More e-petitions will get written responses form the government, the Commons leader Andrew Lansley has announced. Any petition signed by more than 10,000 people, he says, will have a government response published alongside it. Well fine, for all the difference that is going to make.

There are three dozen petitions around that would qualify for such an official response, ranging from the culling of birds of prey to granting a pardon for Enigma codebreaker Alan Turing. But there are also a few joke ones, or perhaps barbed ones, like the petition calling for Mrs Thatcher's state funeral (when it happens) to be privatized. Very droll. But is it the sort of thing that parliamentarians should be racking its brains to respond to?

Petitions, like referendums, are a tricky constitutional issue. Yes, we want the public to be expressing their views strongly, and as Daniel Hannan and Douglas Carswell say in their excellent book The Plan [3] and other articles on opening up our system of government, it is right that Parliament should debate things that the public feel are important, rather than just things that the party leaderships think important. It makes our MPs recognise, once again, who they work for – not who doles them out ministerial jobs. So yes, peitions getting lots of signatures deserve some response and those with overwhelming support should be debated.

But we should not conclude from this that we should be governed by petitions. Nor even referendums.

Our representative system is a system of balances, albeit a rather creaky one. That is why we have two chambers of Parliament – so no dominant majority in the House of Commons can get its way. Not all the time, at least. As James Buchanan and Gordon Tullock showed in The Calculus of Consent, to impose your will on the public, all you need to do is to win 51% of the votes in 51% of the constituencies. So that's about a quarter of the population. Actually it is less, because only about half the population will probably vote anyway. So if there is just one chamber of Parliament, it is possible for quite small majorities to dominate the agenda. That is why we have such absurdly high tax on businesses and on people who earn a lot by creating jobs and prosperity. There are simply fewer of them than the majority, who enjoy the benefits of the taxation. Splitting the power with a second chamber, and indeed the Supreme Court, reduces that risk of the minority being exploited by the majority. Well, it reduces it a bit.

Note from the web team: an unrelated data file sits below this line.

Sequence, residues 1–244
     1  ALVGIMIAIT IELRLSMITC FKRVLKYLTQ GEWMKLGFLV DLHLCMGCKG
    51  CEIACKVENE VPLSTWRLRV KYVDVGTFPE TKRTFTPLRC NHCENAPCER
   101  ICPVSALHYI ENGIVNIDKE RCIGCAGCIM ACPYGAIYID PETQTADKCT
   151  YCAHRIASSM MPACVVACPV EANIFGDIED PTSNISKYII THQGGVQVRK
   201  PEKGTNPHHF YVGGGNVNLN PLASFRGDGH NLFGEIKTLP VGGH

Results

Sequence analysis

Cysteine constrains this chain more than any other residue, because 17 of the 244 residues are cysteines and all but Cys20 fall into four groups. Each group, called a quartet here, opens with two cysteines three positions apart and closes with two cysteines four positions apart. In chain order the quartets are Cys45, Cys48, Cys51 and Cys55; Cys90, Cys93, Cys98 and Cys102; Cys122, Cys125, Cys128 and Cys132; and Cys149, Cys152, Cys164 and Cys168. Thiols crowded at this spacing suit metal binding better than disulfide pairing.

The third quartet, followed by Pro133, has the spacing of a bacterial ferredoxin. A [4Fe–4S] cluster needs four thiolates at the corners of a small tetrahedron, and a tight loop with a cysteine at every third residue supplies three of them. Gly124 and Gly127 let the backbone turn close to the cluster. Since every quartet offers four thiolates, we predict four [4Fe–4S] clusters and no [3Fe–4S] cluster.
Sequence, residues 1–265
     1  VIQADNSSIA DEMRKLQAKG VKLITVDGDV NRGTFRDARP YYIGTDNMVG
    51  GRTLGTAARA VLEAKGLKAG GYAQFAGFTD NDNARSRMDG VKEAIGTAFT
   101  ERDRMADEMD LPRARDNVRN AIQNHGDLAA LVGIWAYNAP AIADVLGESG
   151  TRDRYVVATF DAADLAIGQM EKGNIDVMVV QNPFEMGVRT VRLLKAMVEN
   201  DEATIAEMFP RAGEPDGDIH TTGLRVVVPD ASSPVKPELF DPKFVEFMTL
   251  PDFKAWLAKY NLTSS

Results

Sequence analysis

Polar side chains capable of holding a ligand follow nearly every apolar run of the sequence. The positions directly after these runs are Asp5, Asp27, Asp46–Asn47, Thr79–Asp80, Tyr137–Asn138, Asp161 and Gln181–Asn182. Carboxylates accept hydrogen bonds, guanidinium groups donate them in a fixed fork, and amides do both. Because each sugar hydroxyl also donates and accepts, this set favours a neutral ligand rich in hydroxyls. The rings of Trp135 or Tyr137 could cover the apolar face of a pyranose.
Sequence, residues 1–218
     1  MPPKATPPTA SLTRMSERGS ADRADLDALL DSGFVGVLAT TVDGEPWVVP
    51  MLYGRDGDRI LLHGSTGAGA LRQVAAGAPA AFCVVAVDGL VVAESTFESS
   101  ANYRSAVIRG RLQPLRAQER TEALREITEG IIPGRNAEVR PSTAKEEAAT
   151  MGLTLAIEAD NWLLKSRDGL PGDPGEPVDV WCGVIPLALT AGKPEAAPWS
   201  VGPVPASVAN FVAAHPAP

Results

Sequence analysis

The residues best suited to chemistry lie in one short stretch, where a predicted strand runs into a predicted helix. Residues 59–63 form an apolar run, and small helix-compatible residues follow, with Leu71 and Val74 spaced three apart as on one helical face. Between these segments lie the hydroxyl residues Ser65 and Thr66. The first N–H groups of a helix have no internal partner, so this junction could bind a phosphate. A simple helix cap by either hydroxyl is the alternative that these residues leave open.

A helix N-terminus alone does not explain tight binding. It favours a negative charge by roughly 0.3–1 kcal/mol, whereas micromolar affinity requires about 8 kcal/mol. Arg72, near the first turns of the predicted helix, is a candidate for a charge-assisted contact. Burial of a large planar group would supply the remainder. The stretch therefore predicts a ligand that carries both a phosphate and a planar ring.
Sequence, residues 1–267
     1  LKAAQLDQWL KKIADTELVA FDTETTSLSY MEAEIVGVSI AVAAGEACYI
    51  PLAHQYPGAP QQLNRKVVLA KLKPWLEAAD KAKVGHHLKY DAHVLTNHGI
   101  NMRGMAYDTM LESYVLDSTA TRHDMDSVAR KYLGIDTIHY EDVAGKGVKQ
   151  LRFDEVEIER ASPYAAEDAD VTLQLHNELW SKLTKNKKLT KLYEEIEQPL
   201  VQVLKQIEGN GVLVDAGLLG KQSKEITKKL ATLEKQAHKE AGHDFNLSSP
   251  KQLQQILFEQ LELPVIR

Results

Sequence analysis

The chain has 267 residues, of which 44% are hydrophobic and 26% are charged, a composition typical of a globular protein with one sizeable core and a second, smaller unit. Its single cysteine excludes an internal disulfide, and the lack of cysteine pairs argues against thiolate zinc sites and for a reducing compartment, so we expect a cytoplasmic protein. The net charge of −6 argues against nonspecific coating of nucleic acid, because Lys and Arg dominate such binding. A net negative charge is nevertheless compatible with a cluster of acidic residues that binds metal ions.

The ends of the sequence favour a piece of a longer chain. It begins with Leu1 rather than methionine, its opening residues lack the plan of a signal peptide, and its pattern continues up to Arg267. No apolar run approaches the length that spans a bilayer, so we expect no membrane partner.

As Buchanan and Tullock suggested, and as I recounted in my recent book Public Choice – A Primer [4], we need strong constitutional arrangements to prevent this kind of exploitation. The US constitution managed to contain it for quite a time, but now it is hardly up to the job. As government has grown, the benefits of controlling the government – the amount you can loot from exploiting the minority – has grown too. So controlling governments has become big business. Ask any lobbyist. We need, in fact, surprisingly strong constitutional arrangements if we are to prevent the tyranny of the majority.

Am I in favour of democracy? Of course I am, but like the market economy, democracy only works if it is constrained by a set of rules. You need a fire basket to contain the fire. Without the rules of honesty, contract and private property, the market will soon descent into crony capitalism, with governments dishing out favours to their friends. Without constitutional rules to prevent minorities being exploited by majorities, democracy will turn into mere majoritarian populism, or into rotating elected dictatorships. Some people say this has already happened.